In the early 1990's, Wallach's now infamous lecture entitled 'Dead Doctors Don't Lie' was recorded, and used to promote T.J.Clark's brand of Colloidal Minerals. T.J.Clark and Co soon severed business relations with Wallach, apparently due to the unwanted reputation brought about by the absurd lies made throughout his DDDL presentation. Wallach then switched to another colloidal mineral company, this time Soaring Eagle Ventures, who also terminated their business relationship in 1997, after which time Wallach started his own line of Colloidal Minerals (which he now insists is the only reliable brand, despite being derived from the same mine as Soaring Eagle's) though a Multi Level Marketing venture he created called American Longevity. American Longevity is apparently controlled now by his son Steve Wallach, who incidentally has an uncannily similar idiosyncratic writing style (characterized by, among many other tell-tale attributes, the constant incorrect placing of question marks at the end of sentences; something that came to my attention because many people who had contacted AL for advice were replied to by Steve Wallach, before forwarding me his reply) to someone who, when my web site first appeared, constantly sent me threatening and harassing emails. The IP address of this annonymous pig-packer funnily enough seemed to shift from different states of Australia before ending up in California at around the same time that Wallach Jnr was traveling the country giving promotional seminars to AL members before returning home. I'm sure its just a coincidence.
N.B. American Longevity has since changed their name to Youngevity® USA. Australian Longevity has also changed their name to Youngevity® Australia. I highly suspect that at least part of the reason behind their name change was to avoid people searching the internet for "American Longevity" and "Australian Longevity" from coming across websites such as this.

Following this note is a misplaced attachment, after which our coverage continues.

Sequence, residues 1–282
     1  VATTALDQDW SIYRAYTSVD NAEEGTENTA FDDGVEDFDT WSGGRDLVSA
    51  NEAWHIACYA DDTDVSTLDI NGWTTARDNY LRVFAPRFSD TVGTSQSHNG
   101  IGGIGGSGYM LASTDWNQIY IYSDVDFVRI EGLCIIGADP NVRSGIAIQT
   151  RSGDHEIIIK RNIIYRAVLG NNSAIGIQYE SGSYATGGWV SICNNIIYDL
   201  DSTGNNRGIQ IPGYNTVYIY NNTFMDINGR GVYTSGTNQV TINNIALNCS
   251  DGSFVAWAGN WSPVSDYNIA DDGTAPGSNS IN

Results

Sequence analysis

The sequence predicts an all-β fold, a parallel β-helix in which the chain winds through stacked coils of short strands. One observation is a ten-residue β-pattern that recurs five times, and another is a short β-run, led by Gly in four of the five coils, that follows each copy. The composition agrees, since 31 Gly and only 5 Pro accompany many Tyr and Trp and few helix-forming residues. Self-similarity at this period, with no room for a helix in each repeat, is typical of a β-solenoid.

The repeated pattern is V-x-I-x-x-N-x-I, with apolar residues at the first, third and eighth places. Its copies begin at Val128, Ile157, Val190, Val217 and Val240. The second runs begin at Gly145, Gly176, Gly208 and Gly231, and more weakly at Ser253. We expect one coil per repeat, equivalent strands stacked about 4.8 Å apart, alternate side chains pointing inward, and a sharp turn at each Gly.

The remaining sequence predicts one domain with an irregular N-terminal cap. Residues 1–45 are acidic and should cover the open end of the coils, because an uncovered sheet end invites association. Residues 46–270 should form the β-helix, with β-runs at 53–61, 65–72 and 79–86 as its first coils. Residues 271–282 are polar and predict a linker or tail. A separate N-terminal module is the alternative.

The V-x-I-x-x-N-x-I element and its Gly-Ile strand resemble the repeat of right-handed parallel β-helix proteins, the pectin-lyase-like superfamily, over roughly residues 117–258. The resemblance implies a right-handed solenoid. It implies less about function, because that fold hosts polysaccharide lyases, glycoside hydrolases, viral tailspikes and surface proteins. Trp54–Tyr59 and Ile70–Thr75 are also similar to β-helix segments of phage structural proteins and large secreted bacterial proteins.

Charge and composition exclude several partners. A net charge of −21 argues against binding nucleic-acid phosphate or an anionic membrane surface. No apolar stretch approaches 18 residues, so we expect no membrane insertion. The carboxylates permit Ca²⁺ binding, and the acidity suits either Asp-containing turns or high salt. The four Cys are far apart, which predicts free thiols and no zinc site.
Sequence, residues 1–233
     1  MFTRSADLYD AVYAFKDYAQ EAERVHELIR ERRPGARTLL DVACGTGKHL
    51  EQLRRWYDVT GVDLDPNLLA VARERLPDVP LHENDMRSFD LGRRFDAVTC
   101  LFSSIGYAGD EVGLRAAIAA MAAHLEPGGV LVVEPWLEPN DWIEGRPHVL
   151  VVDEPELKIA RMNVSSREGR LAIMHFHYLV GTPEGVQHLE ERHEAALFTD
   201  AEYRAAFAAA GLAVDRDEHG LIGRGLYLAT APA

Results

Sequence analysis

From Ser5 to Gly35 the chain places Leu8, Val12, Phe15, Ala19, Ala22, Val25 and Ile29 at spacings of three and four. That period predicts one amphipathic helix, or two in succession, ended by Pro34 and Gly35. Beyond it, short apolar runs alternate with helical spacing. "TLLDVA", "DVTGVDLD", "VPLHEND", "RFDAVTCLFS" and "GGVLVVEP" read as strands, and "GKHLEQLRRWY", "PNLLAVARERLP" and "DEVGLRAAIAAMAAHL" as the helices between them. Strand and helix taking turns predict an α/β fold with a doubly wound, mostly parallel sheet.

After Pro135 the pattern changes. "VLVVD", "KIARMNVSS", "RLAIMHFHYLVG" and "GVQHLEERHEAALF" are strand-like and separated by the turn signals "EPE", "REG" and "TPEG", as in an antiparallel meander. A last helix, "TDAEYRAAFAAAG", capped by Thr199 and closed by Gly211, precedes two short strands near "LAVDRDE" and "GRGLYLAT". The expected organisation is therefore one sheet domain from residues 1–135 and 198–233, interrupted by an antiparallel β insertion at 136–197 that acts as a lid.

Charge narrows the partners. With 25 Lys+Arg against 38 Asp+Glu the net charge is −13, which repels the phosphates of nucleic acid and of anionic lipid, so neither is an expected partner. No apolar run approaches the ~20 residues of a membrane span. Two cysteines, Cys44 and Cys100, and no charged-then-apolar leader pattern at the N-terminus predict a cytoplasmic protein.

Wallach still tours the world giving hundreds of seminars (which don't seem to have changed that much since the 1991 version) to promote his MLM scheme. The first exposure most people will probably have to AL is by being handed a copy of the DDDL recording, though there are copious other recordings of his other lectures, all very similar, as well as a handful of books including 'Let's Play Doctor' (which his followers refer to like scripture) which contain misleading advice on how to treat you own diseases.Throughout his many lectures and books, Wallach makes many unsubstantiated claims about the causation and appropriate treatment of various diseases. Here I will briefly cover the major claims he makes through his Dead Doctors Don't Lie recording, which his entire company is based on.
Because to the average layperson, many of the claims Wallach makes may sound too good to be true, as they completely contradict what modern medical science practices. For people to believe not only that his claims are right, but not to believe anyone (most likely doctors) who argues his claims are bogus, it is important for him to win their trust over that of their doctors. Consequently, he spends a large portion of time making exaggerated criticisms of the medical profession, suggesting that money driven conspiracies drive the industry. This kind of conspiracy theory against mainstream medicine is also popular among followers of alternative medicine, which may be more likely to believe the rest of his claims due to confirmation bias.
If Wallachs claims about disease and his claims about how to treat them were true, then one would think that he would be spending most of his time and effort into providing evidence to support them, rather than attacking anyone who may disagree with his teachings. Perhaps the most illogical of all his arguments in this respect, is that we should not trust Doctors knowledge of health and nutrition, because the average age of an American doctor is only 58 years; apparently therefore, they wouldn't know anything about longevity; thus the catch phrase 'dead doctors don't lie' (as silly as this logic sounds, it seems to appeal to many people). The source of this information comes from the death notices of 40 U.S. physicians in 1 issue of the Journal of the American Medical Association (JAMA). Obviously, the average age of death of 40 doctors in 1 months issue is not a good representation of an entire profession of people. For example, had Wallach have calculated the average age of death from the obituaries in the previous months issue, the average age would have been 83.